An­dalucía fore­casts gen­eral elec­tions

Sun­day's re­gional bal­lot re­sults to have huge ef­fects on na­tional pol­i­tics

Costa Levante News - - SPAIN NEWS -

By James Parkes SUN­DAY'S re­gional elec­tion in An­dalucía is fore­cast to have a huge im­pact on na­tional pol­i­tics, and could even trig­ger a gen­eral elec­tion.

Spain's largest re­gion has been in the hands of the PSOE So­cial­ist party since the re­turn of democ­racy to Spain in 1978, but re­cent elec­tions have left them short of an over­all ma­jor­ity and the same out­come is ex­pected on Sun­day.

An agree­ment or even a coal­tion will have to be ne­go­ci­ated other par­ties and what­ever hap­pens will have a mir­ror-ef­fect on Madrid where the PSOE also rules in mi­nor­ity.

In the last TV de­bate be­fore the elec­tion held on Mon­day evening, PSOE can­di­date and act­ing re­gional pres­i­dent Su­sana Díaz tried, with­out suc­cess to get her Ci­u­dadanos and PP ri­vals to prom­ise they would not reach any agree­ment with far-right wing party Vox - which is ex­pected to get its first ever re­gional MPs in Spain on Sun­day.

De­spite the failed at­tempt, both PP and Ci­u­dadanos have opened fire against Vox, which poll sur­veys give at least one re­gional MP for Alme­ria Province.

If Ci­u­dadanos over­takes the PP in re­gional re­sults, new PP na­tional leader Pablo Casado would be po­lit­i­cally wounded. Mean­while, if Pode­mos agree to rule along­side PSOE - whom they have openly crit­i­cised due to their cor­rup­tion cases - Pablo Casado's left-wing party would get its first re­gional gov­ern­ment power in Spain and a gen­eral elec­tion boost.

If, on the other hand, Pode­mos does not agree to rule with the PSOE, this could com­pletely shat­ter the na­tional co­op­er­a­tion be­tween the left-wing par­ties and lead to a gen­eral elec­tion in spring. With Ci­u­dadanos and PP so far re­fus­ing to ne­go­ci­ate with the PSOE (Ci­u­dadanos left the coali­tion it held with the An­dalu­cia so­cial­ists sev­eral months ago and trig­gered this re­gional elec­tion), and Pode­mos openly at­tack­ing the PSOE's cor­rup­tion, a stale­ment re­sult may force Su­sana Diaz to call another re­gional elec­tion in three months time.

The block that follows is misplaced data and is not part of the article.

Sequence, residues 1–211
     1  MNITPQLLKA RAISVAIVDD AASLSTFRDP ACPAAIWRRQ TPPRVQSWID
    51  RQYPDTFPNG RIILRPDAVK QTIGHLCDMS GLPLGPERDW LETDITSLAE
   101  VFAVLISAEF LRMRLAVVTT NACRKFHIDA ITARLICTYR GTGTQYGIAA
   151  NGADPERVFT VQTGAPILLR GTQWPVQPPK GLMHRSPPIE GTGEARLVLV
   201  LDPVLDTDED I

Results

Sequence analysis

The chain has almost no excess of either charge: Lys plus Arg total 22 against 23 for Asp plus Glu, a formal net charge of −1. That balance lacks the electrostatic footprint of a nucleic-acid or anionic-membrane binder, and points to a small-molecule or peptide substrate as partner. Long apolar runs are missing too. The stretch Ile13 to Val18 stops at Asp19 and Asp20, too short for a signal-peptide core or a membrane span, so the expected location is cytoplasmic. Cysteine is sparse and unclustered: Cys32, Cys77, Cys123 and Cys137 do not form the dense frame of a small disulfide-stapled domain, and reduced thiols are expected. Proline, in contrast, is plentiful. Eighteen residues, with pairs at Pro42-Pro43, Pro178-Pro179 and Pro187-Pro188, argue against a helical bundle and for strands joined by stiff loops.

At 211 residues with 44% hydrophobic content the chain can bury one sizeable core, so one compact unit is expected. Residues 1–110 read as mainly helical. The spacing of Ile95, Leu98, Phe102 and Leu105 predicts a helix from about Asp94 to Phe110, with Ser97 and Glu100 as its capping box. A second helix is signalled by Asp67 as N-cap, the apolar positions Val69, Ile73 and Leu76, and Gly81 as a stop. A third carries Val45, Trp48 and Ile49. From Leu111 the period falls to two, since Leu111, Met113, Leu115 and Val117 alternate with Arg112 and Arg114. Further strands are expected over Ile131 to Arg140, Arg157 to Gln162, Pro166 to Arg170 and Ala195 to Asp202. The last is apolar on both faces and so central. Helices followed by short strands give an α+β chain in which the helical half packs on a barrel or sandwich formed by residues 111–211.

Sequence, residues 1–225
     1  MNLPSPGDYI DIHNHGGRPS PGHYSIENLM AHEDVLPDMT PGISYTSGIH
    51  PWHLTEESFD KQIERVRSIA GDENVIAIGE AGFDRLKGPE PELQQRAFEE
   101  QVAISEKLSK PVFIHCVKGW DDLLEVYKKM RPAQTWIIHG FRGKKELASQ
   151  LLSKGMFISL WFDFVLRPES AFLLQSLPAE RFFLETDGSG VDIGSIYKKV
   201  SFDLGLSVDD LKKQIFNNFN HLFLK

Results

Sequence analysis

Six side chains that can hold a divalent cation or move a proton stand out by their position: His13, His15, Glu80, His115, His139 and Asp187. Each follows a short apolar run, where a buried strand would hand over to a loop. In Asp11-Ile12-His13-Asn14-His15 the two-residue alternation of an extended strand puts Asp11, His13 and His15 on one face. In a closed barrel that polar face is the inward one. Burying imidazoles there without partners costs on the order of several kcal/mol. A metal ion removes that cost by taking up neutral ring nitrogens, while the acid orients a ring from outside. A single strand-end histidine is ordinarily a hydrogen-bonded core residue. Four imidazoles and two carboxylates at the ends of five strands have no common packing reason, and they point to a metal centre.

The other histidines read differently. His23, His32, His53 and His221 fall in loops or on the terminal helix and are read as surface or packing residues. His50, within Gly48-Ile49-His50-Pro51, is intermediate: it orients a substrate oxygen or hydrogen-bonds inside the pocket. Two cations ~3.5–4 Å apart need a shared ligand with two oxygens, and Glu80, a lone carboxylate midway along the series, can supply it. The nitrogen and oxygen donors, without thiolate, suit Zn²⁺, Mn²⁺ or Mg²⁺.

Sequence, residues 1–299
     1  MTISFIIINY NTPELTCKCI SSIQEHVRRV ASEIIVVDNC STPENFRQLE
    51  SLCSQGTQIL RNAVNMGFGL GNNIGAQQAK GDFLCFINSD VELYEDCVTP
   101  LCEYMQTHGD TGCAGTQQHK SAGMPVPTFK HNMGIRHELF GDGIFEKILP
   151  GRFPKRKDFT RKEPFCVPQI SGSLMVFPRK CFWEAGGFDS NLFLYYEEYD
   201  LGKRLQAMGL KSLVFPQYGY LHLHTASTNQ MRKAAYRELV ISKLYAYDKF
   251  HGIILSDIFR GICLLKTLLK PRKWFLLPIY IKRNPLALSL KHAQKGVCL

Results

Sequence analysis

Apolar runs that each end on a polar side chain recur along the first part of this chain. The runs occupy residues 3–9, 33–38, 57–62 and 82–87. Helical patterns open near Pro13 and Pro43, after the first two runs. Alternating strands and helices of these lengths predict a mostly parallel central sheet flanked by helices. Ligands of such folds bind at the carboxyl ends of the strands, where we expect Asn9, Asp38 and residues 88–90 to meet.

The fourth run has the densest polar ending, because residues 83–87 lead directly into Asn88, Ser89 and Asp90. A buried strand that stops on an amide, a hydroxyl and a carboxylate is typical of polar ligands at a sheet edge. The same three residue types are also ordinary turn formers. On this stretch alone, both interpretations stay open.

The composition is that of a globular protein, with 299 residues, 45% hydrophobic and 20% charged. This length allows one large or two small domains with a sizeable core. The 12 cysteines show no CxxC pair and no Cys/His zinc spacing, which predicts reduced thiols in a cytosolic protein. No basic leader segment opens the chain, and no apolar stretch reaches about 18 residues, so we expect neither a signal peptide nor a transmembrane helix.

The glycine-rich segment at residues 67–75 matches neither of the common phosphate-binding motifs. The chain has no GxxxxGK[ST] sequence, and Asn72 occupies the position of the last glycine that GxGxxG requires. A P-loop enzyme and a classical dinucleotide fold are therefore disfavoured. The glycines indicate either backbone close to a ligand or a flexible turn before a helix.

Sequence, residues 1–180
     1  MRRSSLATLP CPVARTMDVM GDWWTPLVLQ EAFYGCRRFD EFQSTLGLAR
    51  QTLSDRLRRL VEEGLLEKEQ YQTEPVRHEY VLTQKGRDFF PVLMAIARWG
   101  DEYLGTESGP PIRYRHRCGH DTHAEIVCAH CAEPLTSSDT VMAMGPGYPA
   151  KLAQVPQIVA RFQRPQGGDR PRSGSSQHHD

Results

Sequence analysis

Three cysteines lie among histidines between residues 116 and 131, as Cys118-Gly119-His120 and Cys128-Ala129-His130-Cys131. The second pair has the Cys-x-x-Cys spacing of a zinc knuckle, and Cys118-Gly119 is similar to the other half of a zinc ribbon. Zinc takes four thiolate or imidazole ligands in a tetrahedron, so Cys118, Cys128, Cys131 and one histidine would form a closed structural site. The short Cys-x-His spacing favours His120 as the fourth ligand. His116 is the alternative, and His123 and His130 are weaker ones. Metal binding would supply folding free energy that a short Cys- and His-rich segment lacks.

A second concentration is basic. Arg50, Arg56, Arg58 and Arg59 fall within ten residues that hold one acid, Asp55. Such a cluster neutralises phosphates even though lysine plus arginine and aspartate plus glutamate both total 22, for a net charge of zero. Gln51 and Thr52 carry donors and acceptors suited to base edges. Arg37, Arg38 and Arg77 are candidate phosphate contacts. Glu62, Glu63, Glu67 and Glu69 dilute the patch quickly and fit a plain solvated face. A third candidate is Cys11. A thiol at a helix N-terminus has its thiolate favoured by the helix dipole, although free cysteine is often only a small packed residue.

The lat­est ru­mour is that an An­dalu­cia 'sec­ond round' in March could co­in­cide with a gen­eral elec­tion in this space! TV co­me­dian Dani Ma­teo has ap­peared in a Madrid court af­ter he blew his nose with the coun­try's na­tional flag dur­ing a tele­vised sketch. The La Sexta TV co­me­dian is be­ing in­ves­ti­gated for al­legedly in­sult­ing the na­tion's sym­bol and in­cit­ing hate, which can be pun­ished with up to four years in prison. The 29-year-old de­clined to give ev­i­dence, ar­gu­ing that he needed more time to pre­pare his de­fence. Ma­teo had said he wor­ried about the coun­try's im­age be­cause "a clown has to stand be­fore a judge just be­cause he was do­ing his job". The sketch un­leashed a de­bate over pa­tri­o­tism and the lim­its of free speech in hu­mour, with some in­ter­net users calling for a boy­cott of the chan­nel that aired the pro­gramme and ad­ver­tis­ers can­celling con­tracts. Chi­nese pres­i­dent Xi Jin­ping paid an of­fi­cial visit to Spain the week where he held meet­ings with King Felipe VI and PM Pe­dro Sán-´ chez. Xi Jin­ping said he wanted to strengthen the re­la­tion­ship be­tween the two coun­tries and would like Spain 'be be­come China's gate­way to Europe'.

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